How Waffle Irons And Awkward Rivalries Created 6 Iconic Kicks

For sneakerheads — that especially otaku form of fashion fan who lines up for limited-edition drops, and then flies to New York just to fondle the Saran-wrapped shoes at Flight Club — the sneaker is more than a humble piece of sports apparel. It's an object of cultlike devotion, the canvas on which minute design details are dissected; pieces of wearable art that, even at their most outrageously high-priced, are still more tantalizingly accessible than a Kusama or Koons.

For those devotees, the forthcoming Out of the Box: The Rise of Sneaker Culture will be something akin to a holy text. The book tracks the rise of sneakers from athletic necessity to icon of American casual wear, and features interviews with designers, curators, and collectors, plus hundreds of photos of the most grail-status kicks of all time.

Think you know your sneaks? Not if you don't know the tales of waffle irons, NBA outlaws, and thoroughly awkward sports rivalries ahead. Click on for the thoroughly entertaining origin stories behind some of the most coveted athletic footwear of all time.

Out of the Box: The Rise of Sneaker Culture,
by Elizabeth Semmelhack, is available for pre-order at Rizzoli.
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Photo: Courtesy of Rizzoli.
Thomas Dutton and Thorowgood Running Shoe, 1860–65
Until the mid-1800s, most running shoes were made from leather — including these, thought to be the world's oldest extant pair of athletic footwear.

With their elegant, pointed toe and stacked heel, they could easily be mistaken for modern dress shoes. Only the spikes on the sole and the band of leather used to support the forefoot give away their athletic intent.
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Photo: Courtesy of Rizzoli.
Converse All Star/Non Skid, 1917
In 1917, the company then known as Converse Rubber Shoe Co. introduced a brown canvas high-top called the "All Star," while the white canvas model shown here was sold as the "Non Skid." The two styles shared the rubber toe cap, license plate at the heel, and circular ankle patch. When basketball coach Chuck Taylor started endorsing the sneakers in 1921, the ankle patch took on his name, and the iconic sneaks we call "Chucks" were born.
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Photo: Courtesy of Rizzoli.
Adidas Stan Smith, ca. 1980s
Stan Smiths grew out of a style that Adidas originally created for French tennis player Robert Haillet in 1964. The sneakers were renamed "Stan Smith" for the tennis star in 1971 after Haillet's retirement, and for several years in the '70s they rather awkwardly featured Haillet's signature and Smith's image. If you have a pair of those FrankenSmiths, stop reading this and go immediately to eBay.)

In 1978, Haillet's signature was removed from the shoes, and the Stans we know now were born. Their popularity has waxed and waned throughout the years, but they're a staple of hip-hop preppy style, and they most recently enjoyed a resurgence via endorsements by Pharrell and their status as the official shoe of normcore.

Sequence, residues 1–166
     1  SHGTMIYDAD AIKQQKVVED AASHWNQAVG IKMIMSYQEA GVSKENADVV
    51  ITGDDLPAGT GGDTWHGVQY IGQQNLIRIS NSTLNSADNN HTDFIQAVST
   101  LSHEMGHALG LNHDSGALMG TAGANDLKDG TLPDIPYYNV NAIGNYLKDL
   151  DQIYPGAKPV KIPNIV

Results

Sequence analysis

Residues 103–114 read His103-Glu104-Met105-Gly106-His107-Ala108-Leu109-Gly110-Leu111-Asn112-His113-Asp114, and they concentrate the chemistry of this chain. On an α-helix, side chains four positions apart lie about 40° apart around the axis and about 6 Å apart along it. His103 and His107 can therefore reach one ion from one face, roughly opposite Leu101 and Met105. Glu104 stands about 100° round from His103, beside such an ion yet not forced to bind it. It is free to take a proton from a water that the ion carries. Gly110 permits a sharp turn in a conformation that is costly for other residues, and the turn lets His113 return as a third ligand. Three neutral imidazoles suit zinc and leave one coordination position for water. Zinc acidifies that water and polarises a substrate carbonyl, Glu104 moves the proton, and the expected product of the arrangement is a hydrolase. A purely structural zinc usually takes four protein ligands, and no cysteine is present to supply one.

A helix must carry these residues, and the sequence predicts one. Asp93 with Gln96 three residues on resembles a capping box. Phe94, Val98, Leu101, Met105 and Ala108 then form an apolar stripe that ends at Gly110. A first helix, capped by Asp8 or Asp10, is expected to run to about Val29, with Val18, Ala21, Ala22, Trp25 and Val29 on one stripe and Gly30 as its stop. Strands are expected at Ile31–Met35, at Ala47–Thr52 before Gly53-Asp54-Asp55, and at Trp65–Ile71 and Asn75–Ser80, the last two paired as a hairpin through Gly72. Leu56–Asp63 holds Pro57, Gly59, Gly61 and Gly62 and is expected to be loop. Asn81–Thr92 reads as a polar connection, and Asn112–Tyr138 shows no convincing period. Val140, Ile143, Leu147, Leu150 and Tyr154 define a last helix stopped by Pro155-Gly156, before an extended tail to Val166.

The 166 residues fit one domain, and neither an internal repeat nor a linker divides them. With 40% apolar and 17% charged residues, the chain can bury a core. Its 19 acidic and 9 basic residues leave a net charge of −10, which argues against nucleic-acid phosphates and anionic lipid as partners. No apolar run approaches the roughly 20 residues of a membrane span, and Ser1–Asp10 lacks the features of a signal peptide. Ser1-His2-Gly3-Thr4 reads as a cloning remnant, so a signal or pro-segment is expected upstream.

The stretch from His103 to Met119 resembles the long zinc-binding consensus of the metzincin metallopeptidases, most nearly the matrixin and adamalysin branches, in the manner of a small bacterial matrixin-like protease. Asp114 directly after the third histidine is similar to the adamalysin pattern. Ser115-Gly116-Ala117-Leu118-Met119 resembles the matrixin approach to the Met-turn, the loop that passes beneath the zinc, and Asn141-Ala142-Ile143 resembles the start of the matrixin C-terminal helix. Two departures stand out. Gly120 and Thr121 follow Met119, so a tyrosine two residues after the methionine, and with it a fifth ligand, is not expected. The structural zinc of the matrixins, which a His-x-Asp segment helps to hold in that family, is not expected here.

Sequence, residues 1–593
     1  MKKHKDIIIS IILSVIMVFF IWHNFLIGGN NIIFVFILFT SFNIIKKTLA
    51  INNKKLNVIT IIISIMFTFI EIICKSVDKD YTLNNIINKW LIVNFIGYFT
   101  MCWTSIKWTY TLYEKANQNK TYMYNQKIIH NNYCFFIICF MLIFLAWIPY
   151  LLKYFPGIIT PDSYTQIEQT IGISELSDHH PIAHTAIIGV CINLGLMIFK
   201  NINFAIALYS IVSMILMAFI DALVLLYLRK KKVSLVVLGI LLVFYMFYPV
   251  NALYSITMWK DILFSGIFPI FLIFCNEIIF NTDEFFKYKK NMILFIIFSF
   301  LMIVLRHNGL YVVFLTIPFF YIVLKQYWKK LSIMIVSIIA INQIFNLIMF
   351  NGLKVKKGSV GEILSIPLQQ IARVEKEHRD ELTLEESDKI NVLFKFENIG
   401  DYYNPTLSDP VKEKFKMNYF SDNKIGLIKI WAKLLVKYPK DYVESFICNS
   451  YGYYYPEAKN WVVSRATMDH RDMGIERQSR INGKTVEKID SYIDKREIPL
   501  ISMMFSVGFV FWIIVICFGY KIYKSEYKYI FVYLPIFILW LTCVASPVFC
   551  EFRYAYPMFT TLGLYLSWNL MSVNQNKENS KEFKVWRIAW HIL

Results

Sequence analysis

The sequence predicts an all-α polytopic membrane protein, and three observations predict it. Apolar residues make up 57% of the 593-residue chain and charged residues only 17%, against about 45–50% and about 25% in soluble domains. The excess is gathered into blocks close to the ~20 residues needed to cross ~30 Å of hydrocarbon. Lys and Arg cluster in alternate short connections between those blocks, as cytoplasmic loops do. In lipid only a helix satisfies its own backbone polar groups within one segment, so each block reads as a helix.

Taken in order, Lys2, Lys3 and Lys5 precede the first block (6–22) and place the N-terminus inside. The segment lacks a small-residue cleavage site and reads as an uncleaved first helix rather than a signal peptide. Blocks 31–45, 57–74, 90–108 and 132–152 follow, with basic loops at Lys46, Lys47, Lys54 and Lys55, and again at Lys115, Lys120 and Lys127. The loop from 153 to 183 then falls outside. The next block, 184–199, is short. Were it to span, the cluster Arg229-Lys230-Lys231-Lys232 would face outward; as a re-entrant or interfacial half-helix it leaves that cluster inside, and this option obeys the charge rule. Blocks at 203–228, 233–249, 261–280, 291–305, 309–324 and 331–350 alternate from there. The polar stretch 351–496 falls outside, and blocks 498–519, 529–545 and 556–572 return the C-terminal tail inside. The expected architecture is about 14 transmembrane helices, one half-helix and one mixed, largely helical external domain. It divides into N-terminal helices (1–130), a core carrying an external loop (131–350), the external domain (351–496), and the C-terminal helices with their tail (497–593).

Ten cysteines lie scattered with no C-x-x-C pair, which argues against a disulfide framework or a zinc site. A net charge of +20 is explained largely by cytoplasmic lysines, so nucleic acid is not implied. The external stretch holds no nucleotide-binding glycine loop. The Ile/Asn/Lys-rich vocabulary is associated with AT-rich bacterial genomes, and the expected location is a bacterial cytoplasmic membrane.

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Photo: Courtesy of Rizzoli.
Nike Waffle Trainer, 1974
Famed University of Oregon track coach and Nike co-founder Bill Bowerman had already created the legendary Cortez, but he was looking to improve on reducing that style's bulk. A relentless tinkerer, Bowerman landed on the Waffle Trainer's design when he poured a urethane mixture into a waffle iron, then cut the hardened form into a sole, resulting in the world's most lightweight running shoe yet.
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Photo: Courtesy of Rizzoli.
Nike Air Jordan I, 1985
Nike famously signed a 21-year-old Michael Jordan to a $2.5 million, five-year endorsement deal in 1984, the year he was drafted to play for the Chicago Bulls. Anyone skeptical about the footwear giant signing a rookie was proved wrong when the first Jordans became a hit — despite their $65 price tag, which, at double the cost of other athletic shoes, was considered outrageously pricey at the time.

A legendary story goes that the shoe's red and black colorway, designed to match the Bulls' uniforms, was banned by the NBA. But Jordan wore them anyway, incurring a $5,000 fine each time he stepped onto the court. The accuracy of that story is contested by some, but when Nike referenced it in their advertising, the image of the Jordan-wearer-as-rebel was born.
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Photo: Courtesy of Rizzoli.
Louis Vuitton x Kanye West Don, 2009
Years before his collabs with A.P.C. and Adidas Originals, there was Kanye West's partnership with Louis Vuitton, which resulted in three sneakers: the Mr. Hudson, the Jasper, and the Dons, which are shown here. The name is a callback to Kanye's College Dropout track "Last Call," in which he calls himself "the Louis Vuitton Don," with the sneaks featuring luxe materials like 24K-gold shoelace rings.

Those who doubted a pair of $1,200 sneakers would sell out clearly don't respect West's Midas touch — although the rapper/producer later said he wouldn't work with LV again due to the shoes' prices being "too extreme."
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Photo: Courtesy of Rizzoli.
Out Of The Box: The Rise Of Sneaker Culture is available for pre-order now at Rizzoli.